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Details of a possible state spending package emerged Monday, a sign that the monthslong budget impasse may soon come to an end.

York County lawmakers said they are hopeful the deal could be finalized by the end of the month.

"I'm optimistically hopeful," said Rep. Seth Grove, R-Dover Township. "It is looking like (we'll have a budget approved) by Thanksgiving."

Democratic Gov. Tom Wolf and leaders of the Legislature's huge Republican majorities said the momentum of closed-door talks has picked up.

State spending under the deal would rise to about $30.75 billion, up about 6 percent, or $1.7 billion, from last year's approved budget of just over $29 billion.

Details: Both sides — Republicans and Democrats — appear to get some of the things they have long said they wanted included in the deal, but they have had to make concessions.

Wolf wanted $400 million in new education funding, but the compromise is $350 million, an increase of about 6 percent, to $6.1 billion. There is no agreement on how to distribute the new aid to school districts.

The state also plans to shift some money around to meet its pension obligations and would increase the sales tax rate to lower school property taxes.

About $500 million from slot-machine gambling receipts would be put into a restricted account to pay for public school employee pension obligations. That money currently is passed along by school districts to homeowners as property tax cuts.

As for pensions, newly hired school and state government employees would get a diminished traditional pension benefit plus a 401(k)-style plan with a 2 percent contribution. The plan would save the state $12.5 billion in the coming decades, officials say.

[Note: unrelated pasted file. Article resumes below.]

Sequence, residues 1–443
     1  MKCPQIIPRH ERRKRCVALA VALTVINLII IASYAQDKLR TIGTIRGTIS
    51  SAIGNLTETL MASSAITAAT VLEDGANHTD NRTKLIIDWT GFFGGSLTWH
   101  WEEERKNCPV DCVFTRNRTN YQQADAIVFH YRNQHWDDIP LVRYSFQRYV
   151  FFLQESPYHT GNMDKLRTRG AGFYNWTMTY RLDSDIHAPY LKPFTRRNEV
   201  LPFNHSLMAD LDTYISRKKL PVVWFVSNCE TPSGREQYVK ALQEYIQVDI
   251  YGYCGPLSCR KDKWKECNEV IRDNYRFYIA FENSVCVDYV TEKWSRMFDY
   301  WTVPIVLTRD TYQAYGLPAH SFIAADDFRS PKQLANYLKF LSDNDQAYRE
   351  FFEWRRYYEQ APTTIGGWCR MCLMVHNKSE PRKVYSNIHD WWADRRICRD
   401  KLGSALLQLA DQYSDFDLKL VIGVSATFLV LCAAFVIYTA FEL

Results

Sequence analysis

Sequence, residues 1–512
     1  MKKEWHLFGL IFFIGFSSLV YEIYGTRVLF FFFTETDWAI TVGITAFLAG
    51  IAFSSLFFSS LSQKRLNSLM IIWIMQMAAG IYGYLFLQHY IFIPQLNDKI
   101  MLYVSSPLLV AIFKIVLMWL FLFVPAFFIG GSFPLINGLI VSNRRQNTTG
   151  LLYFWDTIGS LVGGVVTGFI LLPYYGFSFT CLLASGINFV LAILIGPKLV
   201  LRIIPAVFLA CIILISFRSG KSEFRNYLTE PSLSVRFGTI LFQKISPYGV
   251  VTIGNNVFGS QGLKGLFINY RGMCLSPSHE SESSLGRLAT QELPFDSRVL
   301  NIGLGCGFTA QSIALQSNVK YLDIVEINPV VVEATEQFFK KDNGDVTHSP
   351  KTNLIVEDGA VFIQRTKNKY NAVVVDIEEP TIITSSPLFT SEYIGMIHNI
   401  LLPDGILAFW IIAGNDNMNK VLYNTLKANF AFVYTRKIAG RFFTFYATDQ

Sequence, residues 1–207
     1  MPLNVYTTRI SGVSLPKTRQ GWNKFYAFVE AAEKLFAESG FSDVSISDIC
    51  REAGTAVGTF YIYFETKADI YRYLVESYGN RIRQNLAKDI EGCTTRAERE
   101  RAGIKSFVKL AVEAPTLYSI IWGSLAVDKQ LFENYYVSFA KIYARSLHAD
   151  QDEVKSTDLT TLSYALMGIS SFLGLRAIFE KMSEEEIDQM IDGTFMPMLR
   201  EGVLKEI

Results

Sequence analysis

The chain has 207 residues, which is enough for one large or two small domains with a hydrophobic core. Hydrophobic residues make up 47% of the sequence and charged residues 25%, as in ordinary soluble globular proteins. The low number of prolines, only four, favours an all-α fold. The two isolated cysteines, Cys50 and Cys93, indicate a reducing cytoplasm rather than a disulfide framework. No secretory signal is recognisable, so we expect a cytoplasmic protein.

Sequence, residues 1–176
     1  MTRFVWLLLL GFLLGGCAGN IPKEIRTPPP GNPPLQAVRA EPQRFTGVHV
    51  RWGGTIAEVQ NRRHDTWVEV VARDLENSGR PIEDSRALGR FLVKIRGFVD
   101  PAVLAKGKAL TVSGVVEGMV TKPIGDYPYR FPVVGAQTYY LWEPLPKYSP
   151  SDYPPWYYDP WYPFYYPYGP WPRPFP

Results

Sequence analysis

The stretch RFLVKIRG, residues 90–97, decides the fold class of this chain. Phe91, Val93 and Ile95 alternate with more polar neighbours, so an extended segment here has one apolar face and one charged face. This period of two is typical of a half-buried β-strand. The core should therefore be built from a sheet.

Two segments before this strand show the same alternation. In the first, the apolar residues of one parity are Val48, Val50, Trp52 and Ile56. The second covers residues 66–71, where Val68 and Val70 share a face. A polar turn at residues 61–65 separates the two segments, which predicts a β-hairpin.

"We need to make sure we take care of the core functions of government," said Rep. Kristin Phillips-Hill, R-York Township, adding the budget package also has to be fiscally responsible.

Taxes: To supplement the loss in property tax relief funds, the state sales tax rate would rise from 6 percent to 7.25 percent, a 21 percent increase, to generate $2 billion in new dollars, to be used to expand local school property tax cuts. There is no agreement on how property taxes in each school district would be affected.

But one key tax missing from the equation, and oft touted by Wolf during the campaign and since he took office, is a severance tax on gas drillers in the state.

House Democratic Whip Mike Hanna said Monday that leaders of the Legislature's Republican majorities remain unwilling to support a Marcellus Shale tax.

Under a 2012 law, the industry has paid a drilling impact fee of about $200 million a year.

A final deal would not include a severance tax on Marcellus Shale natural gas production.

Tax increases on cigarettes and on banks are also under discussion.

Framework: York's lawmakers said there are still fine details to be sorted out, but the outlook for a budget remains bright.

"I think there's a general framework that's been agreed to," Grove said of a budget deal. "I think everyone will get a win of some sort."

In the more than four months since the impasse started, nonprofit agencies, school districts and local governments across the state have been sending up signal flares as their reserves dwindled and they turned to creditors to keep afloat.

In October, York County commissioners approved opening a $20 million line of credit so it can maintain services through the end of the year.

"I obviously think the pain is being felt throughout the commonwealth, and that message is resonating," said Rep. Kevin's Schreiber, D-York City. "It seems we are positively moving in the right direction."

The Associated Press contributed to this report.

— Reach Greg Gross at ggross@yorkdispatch.com.

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